Pain After A Root Canal

The main symptoms after a root canal are inflammation, pain and, sometimes, limited mouth opening. Post-endodontic pain is a common symptom that some patients present after root canal treatment. This pain is due to inflammation (the body’s natural response) to the techniques performed by the dentist while performing endodontics.

What Is A Root Canal?

A root canal is a dental treatment that consists of the removal of the dental pulp (nerve lodged in the tooth), disinfection of the tooth and subsequent sealing. The endodontic specialist aims to eliminate the cause that causes the pathological state of the tooth.

How Do You Know If You Need To Have A Root Canal?

These are some of the symptoms that may indicate that you need a root canal:

  • The main symptom that indicates the need for a root canal is pain. It is the typical “toothache” that does not give in to pain medication and that intensifies at night when we lie down in bed.
  • Prolonged hypersensitivity in a tooth due to contact with cold, hot or sweet food.
  • Darkened tooth.
  • Appearance of pus spots (fistula) on the gum.

In any case, before any suspicion, you should go to your dentist. He will be the one to issue a diagnosis and determine, after performing all the necessary tests – radiographs, vitality tests, percussion, etc. – if endodontic treatment is indicated.

Discomfort And Pain After A Root Canal

During the procedure and in the hours after, while the anesthesia lasts, it is unlikely that you will have pain. However, in the days after the pulp is removed, it is normal to feel some pain, since the adjacent anatomical structures (bone, periodontal ligament, blood vessels and nerves) suffer local inflammation as a result of the maneuvers performed by the endodontist.

It must be taken into account that the perception of pain after a root canal is not the same for all patients. Pain and inflammation are the body’s natural response to endodontic techniques, which we can summarize in three steps:

  • Instrumentation: Successive introduction of files into the root canal to remove pulp tissue.
  • Disinfection: Application of very high alkalinity products (NaOCl) and chelators to eliminate all microorganisms and inorganic remains.
  • Obturation: It consists of filling the canals with material (gutta-percha) to completely seal the interior of the endodontic tooth and prevent microorganisms from reproducing again.

The level of inflammation is higher or lower depending on many factors, including the patient’s age, previous health condition, and duration of endodontic treatment or the existence of complications during it.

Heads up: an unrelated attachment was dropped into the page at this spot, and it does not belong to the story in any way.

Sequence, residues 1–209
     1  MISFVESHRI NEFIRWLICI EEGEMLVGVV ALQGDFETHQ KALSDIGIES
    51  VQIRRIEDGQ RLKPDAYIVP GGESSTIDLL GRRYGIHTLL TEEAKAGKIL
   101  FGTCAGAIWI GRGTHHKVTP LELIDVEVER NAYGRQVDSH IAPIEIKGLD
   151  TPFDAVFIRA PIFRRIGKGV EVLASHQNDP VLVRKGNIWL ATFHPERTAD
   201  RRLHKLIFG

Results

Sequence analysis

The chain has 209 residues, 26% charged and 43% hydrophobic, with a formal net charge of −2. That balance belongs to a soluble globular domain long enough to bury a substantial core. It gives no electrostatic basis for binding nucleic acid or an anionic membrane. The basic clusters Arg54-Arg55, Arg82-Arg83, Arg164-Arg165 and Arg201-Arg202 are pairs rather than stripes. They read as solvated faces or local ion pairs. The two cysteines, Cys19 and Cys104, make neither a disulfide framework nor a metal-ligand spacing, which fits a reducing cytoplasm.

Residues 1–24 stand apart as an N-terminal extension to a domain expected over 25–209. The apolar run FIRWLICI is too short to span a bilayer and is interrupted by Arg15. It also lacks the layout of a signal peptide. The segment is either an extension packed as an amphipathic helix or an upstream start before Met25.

Pain after endodontics usually subsides after several days, between 3 and 7, without the need to take medication. If necessary, anti-inflammatories and pain relievers are prescribed to control pain and immediate postoperative inflammation.

If, despite taking the medication, the pain persists after 5-7 days, you should call the dental clinic and make an appointment.

Your dentist will evaluate the cause of this pain and, if deemed appropriate, will modify the medication or take other measures.

How To Prevent Root Canals

Most of the time the need for root canals is caused by:

  • Existence of deep caries that reaches the dental pulp.
  • Erosion or severe wear of the tooth that affects the nerve.
  • Trauma or blow that causes necrosis of the tooth (loss of vitality of the pulp).

If we prevent and treat any of the three previous causes, we can avoid performing a root canal.

The best way to prevent cavities is to maintain proper dental hygiene, use fluoride toothpaste, and eat a balanced, low-sugar diet. If in spite of everything, caries appears, it must be addressed early, so that the treatment is as less invasive as possible and does not reach the nerve.

To avoid trauma, especially to the anterior teeth, custom-made mouth guards, widely used in contact sports, are very useful.

The Importance Of Dental Check-Ups

As we have already mentioned, diagnosing a cavity or tooth wear in time is essential to be able to tackle the problem before the nerve is compromised (which would force a root canal procedure) to be carried out. These injuries are usually visible with the naked eye or by probing dental grooves and fissures.

In addition, the dentist, by performing complementary tests, mainly radiological, can find cavities between tooth and tooth (interproximal), and asymptomatic infections.

These asymptomatic foci of infection go unnoticed by the patient, since they do not cause pain or cause discomfort in their daily life. However, if they are not diagnosed and a root canal is not carried out, they can lead to important pathologies, such as an infection acute or in a cyst.

Therefore, regular visits to the dentist for your endodontic treatement is the best way to prevent problems from developing and to stop them before they lead to more aggressive and more expensive dental treatments.

In dental check-ups, your dentist will examine you, inform you and recommend, depending on your particular needs, what care and treatments you should follow maintaining your dental health.